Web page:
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DHSMV to start vetting non-citizen voter list

Thursday, May 17th, 2012 by Dara Kam

State highway officials will begin vetting a controversial list of 180,000 potential non-citizens who are registered to vote within the next few weeks, The Palm Beach Post has learned.

The news comes as a surprise to elections supervisors who, at their summer meeting this week, pleaded with state Division of Elections leaders to more thoroughly scrub the records before sending them on to the local officials for further action.

The Department of State last month gave elections supervisors a list of more than 2,600 voters – many of them in Miami-Dade County – potentially ineligible to vote because they may not be legal citizens. The list was generated by matching voter registration files with driver’s license data.

But the information in the list included some voters who were born in the U.S. and others who are naturalized citizens. Secretary of State Ken Detzner and his staff blamed the problematic list on the Department of Homeland Security. The federal officials have refused to give Detzner’s office access to a federal database with more up-to-date immigration and citizenship information.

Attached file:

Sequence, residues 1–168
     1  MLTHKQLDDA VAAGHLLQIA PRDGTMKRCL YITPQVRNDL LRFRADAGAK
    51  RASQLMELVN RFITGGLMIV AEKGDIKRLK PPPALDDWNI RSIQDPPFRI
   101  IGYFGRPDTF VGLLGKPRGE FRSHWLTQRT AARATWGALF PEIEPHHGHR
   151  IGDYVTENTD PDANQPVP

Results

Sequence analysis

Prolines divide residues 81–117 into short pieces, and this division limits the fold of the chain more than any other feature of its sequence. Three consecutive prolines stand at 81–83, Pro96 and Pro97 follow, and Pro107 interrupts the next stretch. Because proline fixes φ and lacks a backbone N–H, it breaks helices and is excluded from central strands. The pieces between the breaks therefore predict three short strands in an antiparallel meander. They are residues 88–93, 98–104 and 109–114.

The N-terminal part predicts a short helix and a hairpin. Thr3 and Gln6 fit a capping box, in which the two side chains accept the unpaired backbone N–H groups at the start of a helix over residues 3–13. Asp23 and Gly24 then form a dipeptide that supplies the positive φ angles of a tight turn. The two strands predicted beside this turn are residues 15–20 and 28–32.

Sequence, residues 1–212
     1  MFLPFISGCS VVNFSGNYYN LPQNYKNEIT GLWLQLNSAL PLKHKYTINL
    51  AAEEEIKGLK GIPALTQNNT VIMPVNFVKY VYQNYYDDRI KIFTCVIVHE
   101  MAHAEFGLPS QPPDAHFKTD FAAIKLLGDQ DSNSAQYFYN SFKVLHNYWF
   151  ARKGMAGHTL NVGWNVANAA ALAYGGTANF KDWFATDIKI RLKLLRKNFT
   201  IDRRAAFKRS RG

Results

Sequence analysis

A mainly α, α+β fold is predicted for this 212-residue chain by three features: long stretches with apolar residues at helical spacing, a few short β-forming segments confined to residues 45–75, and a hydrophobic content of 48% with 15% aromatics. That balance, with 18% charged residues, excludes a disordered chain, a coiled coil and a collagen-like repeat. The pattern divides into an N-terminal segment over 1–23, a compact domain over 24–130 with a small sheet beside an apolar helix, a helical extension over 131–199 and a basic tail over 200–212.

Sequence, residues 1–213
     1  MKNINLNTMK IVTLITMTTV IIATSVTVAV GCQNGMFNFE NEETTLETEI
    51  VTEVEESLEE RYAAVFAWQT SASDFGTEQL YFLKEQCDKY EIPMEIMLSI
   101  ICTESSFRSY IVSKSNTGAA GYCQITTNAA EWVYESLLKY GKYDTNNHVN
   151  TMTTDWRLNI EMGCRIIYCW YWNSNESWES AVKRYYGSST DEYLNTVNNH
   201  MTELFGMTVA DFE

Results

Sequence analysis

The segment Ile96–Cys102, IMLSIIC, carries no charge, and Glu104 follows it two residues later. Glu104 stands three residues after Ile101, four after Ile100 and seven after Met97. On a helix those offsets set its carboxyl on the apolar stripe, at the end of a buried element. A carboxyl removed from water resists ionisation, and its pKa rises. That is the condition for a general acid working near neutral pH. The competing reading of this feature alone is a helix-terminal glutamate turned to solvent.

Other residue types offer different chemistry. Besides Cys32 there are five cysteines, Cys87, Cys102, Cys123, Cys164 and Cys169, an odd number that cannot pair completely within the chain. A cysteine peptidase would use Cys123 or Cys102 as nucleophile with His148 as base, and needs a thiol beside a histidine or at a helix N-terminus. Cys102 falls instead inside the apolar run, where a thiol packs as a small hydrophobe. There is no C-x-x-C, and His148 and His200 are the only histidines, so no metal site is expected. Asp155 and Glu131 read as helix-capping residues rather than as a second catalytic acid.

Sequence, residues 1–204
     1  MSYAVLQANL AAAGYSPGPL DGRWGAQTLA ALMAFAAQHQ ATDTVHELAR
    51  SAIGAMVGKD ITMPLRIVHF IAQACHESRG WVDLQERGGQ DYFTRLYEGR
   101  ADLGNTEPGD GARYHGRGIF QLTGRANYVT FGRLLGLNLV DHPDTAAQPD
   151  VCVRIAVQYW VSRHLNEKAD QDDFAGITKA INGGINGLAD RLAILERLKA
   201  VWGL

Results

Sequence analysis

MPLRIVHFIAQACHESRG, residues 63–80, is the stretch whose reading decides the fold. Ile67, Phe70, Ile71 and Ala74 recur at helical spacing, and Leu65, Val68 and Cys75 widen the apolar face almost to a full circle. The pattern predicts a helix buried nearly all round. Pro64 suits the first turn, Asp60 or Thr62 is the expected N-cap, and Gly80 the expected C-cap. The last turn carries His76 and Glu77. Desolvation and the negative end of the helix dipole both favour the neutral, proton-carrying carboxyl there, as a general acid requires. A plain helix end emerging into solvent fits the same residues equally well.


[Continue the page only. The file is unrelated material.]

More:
But the Florida Department of Highway Safety and Motor Vehicles has access to the SAVE – “Systematic Alien Verification for Entitlements” – database, prompting county supervisors on Tuesday and Wednesday to ask the state elections staff to get DHSMV to run the records through SAVE. Division of Elections chief Gisela Salas and DOS lawyer Maria Matthews told the supervisors their agency is working with DHSMV to resolve the issue but were uncertain about whether it could be done.

On Thursday, DHSMV Director of Motorist Services Boyd Walden told The Palm Beach Post that his agency will begin running the list of 180,000 potential non-citizens through the SAVE database within the next few weeks.

“We are gearing up to get it done. That’s the plan,” Walden said.

DOS spokesman Chris Cate confirmed that the vetting would begin soon, and the state department would pick up the tab. DOS sent a memo to supervisors late Thursday telling them of the new plan, Cate said. Read the memo after the jump.

The SAVE database includes records on people who have gone through the immigration process, including those who have applied for green cards or become citizens.

“It’s disappointing DHS will not give us direct access to their database but we are very grateful for our state partners at highway safety who understand the importance of having accurate voter rolls,” Cate said. “We have an obligation to improve the accuracy of Florida’s voter rolls. So we have offered to pay the cost it takes for Highway Safety to update their records and ultimately the status of potential non-citizens on Florida’s voter rolls.”

State elections officials do not have an estimate of many non-citizens will be confirmed on the voter rolls, Cate said.

“We just know it’s important for us to find out what that number is,” he said.